Sunday, February 18, 2007

You can lead a horse to water . . .

Recently, I was in a meeting with a colleague when he commented that a grad student "must have gotten bad advice from her advisor"; the context was something to do with a particular theory that a student did or didn't use.

Maybe yes, and maybe no. As profgrrrl and others have commented from time to time, sometimes we're giving advice and they're not taking it. Sometimes the smaller stuff is easier than the large stuff: we can suggest that if they want to submit something to Journal A and Journal A wants Chicago style, they'll have a better chance if the manuscript is in Chicago style. That kind of thing is a no-brainer. The same holds true if it's a really big question--of ethics, say, or of a university deadline.

It's the mid-level stuff that's the problem. Students aren't Play-Doh, after all. We can advise getting in touch with X person or including Y person on a committee, but ultimately we only have two kinds of power: moral suasion and the veto power enforced by quitting a committee. Since no one wants to do the latter except in the most extreme circumstances, we're left with persuading students that what we're advising really is in their best interests. Sometimes they don't believe us and go their own way. Sometimes they're right to do so.

Sometimes, though, they're wrong, and their project will leave people scratching their heads about the "bad advice" they got from their advisors.

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Horace said...

What I find tricky about all of this is the decision involved in taking on a graduate student as an advisee. I've yet to officially sign on as an advisor, and in fact, I've yet to sit on anyone's committee here (though that is likely coming soon).

But as a grad student, I shook my head in sympathy when another student got essentially turned down by every faculty member in his area, mostly, I think because he was a pain in the ass. On the one hand, I thought this was terrible, since he had done perfectly solid work in the department thus far, and wasn't out-and-out rude or beyond the pale with any particular behavior. he was just arrogant and maybe a little less smart than he thought he was. He was owed an advisor by the department, no?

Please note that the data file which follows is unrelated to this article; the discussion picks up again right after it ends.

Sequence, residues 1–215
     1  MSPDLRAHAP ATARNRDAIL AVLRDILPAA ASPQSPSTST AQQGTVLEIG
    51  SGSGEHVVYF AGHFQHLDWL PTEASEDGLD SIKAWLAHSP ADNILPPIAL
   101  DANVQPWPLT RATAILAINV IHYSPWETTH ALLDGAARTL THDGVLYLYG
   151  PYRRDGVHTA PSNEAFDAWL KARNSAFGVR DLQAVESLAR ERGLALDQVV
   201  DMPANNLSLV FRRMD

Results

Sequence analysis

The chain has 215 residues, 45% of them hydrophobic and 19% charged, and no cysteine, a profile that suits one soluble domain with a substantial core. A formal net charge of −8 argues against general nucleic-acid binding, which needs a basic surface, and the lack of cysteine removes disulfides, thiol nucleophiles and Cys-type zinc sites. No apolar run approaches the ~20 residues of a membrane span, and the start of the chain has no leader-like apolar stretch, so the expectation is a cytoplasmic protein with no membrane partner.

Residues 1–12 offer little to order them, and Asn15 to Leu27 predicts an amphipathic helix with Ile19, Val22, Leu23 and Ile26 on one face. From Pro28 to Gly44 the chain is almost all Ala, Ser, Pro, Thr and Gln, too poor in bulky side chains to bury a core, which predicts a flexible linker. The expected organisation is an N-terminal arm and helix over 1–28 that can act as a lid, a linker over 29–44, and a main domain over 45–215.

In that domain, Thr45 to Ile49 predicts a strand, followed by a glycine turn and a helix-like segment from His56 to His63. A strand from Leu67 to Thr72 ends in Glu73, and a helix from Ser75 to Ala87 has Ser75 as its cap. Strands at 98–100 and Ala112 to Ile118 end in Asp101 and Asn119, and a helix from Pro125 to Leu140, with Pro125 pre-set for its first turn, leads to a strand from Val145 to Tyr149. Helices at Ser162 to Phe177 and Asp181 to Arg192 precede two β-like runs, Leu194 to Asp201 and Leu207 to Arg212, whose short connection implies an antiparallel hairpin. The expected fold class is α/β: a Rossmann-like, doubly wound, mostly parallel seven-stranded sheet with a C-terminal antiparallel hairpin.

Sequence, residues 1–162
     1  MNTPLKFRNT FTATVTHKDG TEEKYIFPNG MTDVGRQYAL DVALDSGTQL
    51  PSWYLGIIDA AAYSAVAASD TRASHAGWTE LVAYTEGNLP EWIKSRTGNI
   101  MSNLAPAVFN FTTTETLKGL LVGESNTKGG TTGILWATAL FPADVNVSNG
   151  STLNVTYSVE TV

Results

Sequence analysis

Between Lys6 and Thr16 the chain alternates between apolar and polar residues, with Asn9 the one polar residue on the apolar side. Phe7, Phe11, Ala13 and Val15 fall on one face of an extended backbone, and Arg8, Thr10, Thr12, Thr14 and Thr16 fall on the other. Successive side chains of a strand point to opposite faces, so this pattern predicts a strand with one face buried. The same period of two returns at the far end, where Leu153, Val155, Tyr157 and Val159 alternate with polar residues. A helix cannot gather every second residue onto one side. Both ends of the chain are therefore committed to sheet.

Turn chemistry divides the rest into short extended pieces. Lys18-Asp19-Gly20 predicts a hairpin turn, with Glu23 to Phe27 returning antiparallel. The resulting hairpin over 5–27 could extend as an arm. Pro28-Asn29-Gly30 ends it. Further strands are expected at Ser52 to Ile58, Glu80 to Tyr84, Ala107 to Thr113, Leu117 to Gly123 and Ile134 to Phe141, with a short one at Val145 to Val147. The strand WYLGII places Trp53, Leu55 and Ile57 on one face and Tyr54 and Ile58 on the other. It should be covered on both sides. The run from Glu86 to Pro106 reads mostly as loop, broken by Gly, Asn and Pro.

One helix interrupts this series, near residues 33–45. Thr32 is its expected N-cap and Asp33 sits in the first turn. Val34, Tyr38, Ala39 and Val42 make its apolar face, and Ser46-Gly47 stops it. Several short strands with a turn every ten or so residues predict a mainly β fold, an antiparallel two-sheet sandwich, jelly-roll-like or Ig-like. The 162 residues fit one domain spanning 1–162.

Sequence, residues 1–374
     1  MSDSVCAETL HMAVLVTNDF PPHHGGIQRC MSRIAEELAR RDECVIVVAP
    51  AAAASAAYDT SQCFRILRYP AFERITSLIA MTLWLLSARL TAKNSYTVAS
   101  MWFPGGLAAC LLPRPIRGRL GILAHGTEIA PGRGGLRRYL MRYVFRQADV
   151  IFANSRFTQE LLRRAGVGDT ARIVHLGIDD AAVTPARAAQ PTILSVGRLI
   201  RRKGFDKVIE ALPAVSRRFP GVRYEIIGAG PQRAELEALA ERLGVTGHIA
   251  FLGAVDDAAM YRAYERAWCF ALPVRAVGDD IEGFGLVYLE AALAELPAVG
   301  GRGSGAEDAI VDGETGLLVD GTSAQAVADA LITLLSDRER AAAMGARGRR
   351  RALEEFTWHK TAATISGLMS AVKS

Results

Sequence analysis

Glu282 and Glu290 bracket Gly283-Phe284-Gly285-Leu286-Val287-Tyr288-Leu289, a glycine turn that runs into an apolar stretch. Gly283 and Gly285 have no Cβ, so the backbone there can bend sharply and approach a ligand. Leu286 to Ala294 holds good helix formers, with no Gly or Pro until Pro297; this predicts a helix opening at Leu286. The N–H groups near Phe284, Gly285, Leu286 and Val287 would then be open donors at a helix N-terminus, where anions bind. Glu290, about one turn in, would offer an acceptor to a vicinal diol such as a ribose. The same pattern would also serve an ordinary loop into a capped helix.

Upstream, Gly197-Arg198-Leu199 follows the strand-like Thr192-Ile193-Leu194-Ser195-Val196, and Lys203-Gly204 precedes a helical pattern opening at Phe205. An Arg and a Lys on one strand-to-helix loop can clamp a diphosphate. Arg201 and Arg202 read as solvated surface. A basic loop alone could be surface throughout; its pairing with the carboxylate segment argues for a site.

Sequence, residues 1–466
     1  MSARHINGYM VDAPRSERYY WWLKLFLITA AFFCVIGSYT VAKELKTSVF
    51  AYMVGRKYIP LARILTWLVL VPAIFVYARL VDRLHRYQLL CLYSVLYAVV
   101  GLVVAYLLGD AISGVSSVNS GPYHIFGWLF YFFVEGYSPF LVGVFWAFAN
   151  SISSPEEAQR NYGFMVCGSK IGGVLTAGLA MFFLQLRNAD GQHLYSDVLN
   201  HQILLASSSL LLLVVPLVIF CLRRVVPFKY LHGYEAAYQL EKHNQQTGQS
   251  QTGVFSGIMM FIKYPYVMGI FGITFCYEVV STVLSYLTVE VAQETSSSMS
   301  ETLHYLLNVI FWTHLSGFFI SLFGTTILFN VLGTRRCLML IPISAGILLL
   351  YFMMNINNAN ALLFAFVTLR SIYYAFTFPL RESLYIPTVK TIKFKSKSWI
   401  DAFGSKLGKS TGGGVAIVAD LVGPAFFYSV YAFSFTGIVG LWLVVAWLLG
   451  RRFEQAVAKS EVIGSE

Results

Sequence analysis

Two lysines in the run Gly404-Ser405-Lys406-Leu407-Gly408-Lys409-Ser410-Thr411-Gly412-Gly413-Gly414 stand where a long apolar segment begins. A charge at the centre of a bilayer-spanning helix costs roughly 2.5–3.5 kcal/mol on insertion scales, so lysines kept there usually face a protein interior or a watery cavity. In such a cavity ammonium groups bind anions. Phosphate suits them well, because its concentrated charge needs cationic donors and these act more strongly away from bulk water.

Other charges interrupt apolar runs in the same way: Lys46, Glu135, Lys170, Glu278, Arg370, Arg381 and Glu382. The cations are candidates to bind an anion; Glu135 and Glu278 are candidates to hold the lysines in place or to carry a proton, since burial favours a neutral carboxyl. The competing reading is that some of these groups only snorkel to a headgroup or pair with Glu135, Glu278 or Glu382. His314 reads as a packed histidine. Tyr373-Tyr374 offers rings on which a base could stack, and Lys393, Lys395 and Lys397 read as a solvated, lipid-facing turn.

And yet, I wouldn't have wanted him as my advisee--he's the sort who would leave behind precisely this sort of bewildered head-shaking, and as I'm just starting to build a reputation in my department and in my field, having knuckle-headed advisees seems like it would reflect on me in some concrete and consequential ways.

How, then, does a junior scholar begin to sort out when and if to take on an advisee? or do we owe it to them, as I believed was the case for my grad school acquaintance (who simply left the program)?

undine said...

You pose a good question, Horace. I do think that in general advisors ought to agree to be on committees unless the area is just too far out of range or unless they're already on too many committees.

That said, I can see why the student you mention would find it hard to get people to agree to be on his committee. It's a big commitment of time that departments don't always care about very much: "Oh, you have X number of students? Swell. So what have you published lately?" If you add arrogance (whether backed up by performance or not) and other high-maintenance behaviors to that time commitment--well, life's too short for that, especially since once you've taken on an advisee, you can't fire him or her without drastic consequences and a lot of fallout.

So--was he owed an advisor? Not right away. What he was owed is a Dutch uncle talk by someone who could tell him to stop being such a PITA. Didn't the other students tell him this, or did he chalk it up (as sometimes happens) to their "jealousy" over his "brilliance"?

Absent rudeness, though, and the kind of behavior you describe, I'd say that we do have a duty to take on advisees, if the program has admitted them. If we have a problem with the students being admitted, that's another story, one to take up with the graduate director or the admissions committee.